Jared Kushner, President Donald Trump’s son-in-law and adjunct advisor, has finally gained permanent security clearance in the White House after sitting for 7 hours with special counsel Robert Mueller’s team. The FBI background checks into Kushner’s financial history and foreign contacts took one year and 123 days. An informant familiar with the process said that Kushner’s permanent clearance was granted after officials completed the FBI background check.
Kushner’s lawyer, Abbe Lowell, released a statement about his client’s clearance check: “With respect to the news about his clearances, as we stated before, his application was properly submitted, reviewed by numerous career officials and underwent the normal process. Having completed all of these processes, he’s looking forward to continuing to do the work the president has asked him to do.”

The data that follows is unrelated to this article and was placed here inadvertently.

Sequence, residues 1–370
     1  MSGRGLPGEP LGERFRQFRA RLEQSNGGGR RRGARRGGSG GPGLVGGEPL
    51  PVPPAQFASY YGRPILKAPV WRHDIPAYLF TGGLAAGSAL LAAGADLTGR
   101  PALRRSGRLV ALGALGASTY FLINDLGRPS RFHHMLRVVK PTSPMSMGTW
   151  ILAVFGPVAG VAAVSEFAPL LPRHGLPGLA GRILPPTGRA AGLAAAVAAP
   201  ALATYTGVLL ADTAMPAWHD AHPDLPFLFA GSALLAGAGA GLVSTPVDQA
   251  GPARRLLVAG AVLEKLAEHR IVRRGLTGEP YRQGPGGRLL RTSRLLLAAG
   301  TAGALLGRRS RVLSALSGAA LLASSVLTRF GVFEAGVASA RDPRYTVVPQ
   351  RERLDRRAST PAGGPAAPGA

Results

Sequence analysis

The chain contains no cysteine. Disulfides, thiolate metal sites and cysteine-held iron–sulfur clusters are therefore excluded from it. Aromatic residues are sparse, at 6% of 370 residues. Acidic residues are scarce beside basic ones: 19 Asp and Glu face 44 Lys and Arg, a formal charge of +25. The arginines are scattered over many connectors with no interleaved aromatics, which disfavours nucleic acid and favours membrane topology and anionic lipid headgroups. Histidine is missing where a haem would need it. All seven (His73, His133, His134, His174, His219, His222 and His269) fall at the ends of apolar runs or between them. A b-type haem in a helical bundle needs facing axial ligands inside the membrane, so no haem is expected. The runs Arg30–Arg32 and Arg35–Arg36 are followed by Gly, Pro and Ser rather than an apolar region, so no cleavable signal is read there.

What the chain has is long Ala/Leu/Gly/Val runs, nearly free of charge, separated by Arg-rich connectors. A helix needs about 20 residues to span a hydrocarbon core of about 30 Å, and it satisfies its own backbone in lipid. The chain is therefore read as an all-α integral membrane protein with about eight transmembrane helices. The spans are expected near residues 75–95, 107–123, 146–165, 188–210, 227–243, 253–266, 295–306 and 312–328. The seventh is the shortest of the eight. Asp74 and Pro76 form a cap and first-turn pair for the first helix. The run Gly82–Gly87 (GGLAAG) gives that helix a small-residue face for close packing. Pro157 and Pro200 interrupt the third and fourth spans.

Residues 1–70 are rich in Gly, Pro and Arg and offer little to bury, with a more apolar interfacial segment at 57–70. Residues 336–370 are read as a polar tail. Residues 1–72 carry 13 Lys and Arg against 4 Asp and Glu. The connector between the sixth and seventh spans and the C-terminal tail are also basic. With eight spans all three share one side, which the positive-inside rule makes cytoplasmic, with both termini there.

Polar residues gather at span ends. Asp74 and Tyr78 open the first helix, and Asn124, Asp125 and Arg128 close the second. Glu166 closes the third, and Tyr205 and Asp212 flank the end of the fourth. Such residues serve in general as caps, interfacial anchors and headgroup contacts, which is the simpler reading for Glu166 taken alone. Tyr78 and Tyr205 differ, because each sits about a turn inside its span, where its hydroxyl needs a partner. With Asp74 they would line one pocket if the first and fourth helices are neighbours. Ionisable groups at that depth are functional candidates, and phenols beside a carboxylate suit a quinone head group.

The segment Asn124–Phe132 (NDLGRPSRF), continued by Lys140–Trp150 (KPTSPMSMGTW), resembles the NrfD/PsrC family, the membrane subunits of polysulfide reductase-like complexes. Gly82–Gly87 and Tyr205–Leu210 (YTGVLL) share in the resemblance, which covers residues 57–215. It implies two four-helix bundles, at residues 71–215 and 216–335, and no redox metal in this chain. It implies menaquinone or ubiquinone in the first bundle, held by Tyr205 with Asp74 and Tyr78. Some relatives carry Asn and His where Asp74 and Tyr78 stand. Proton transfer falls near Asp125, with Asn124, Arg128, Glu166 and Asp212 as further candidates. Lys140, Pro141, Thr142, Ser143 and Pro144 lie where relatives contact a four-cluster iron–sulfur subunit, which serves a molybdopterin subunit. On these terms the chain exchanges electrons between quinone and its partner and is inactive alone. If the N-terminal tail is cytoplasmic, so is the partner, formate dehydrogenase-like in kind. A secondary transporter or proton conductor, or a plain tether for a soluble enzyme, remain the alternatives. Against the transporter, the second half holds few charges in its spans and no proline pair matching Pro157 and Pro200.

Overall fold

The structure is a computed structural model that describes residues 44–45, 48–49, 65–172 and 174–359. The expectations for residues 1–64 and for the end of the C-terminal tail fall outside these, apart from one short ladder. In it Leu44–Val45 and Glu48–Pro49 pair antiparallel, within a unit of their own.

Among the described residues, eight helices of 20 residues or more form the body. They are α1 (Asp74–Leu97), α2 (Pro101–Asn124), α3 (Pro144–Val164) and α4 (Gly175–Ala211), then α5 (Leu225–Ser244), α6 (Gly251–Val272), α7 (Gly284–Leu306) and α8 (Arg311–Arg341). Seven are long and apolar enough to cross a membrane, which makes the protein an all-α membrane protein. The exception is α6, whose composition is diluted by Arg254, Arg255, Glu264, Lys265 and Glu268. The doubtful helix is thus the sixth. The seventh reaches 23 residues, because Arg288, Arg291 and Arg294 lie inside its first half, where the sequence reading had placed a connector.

Why Did It Take This Long?
In February 2018, Kushner’s security clearance was downgraded from top-secret level to secret level. This meant that he lost access to classified materials and could no longer attend daily intelligence briefings.
But before that, Kushner’s security level was always a point of controversy, largely due to the Robert Porter scandal, and the failure of Kushner disclosing more than 100 foreign contacts on his initial clearance application.
However, it’s still important to note that Kushner can still be indicted in the Mueller-Russia probe. Kushner gave Mueller false information regarding a June 2016 Trump Tower meeting between the president and a Russian lawyer. There’s also the possibility of Kushner violating US law by intertwining his finances with White House operations. Ron Hosko, the former head of the FBI criminal division, said that Kushner could face legal consequences if Mueller’s team determines he has been making decisions in the White House that will ultimately impact his “financial position.”
Remember, it is illegal under US law for any government official – even those that are in adjunct, advisory positions like Kushner – to render advice based on financial interest.
Featured image via Pixabay.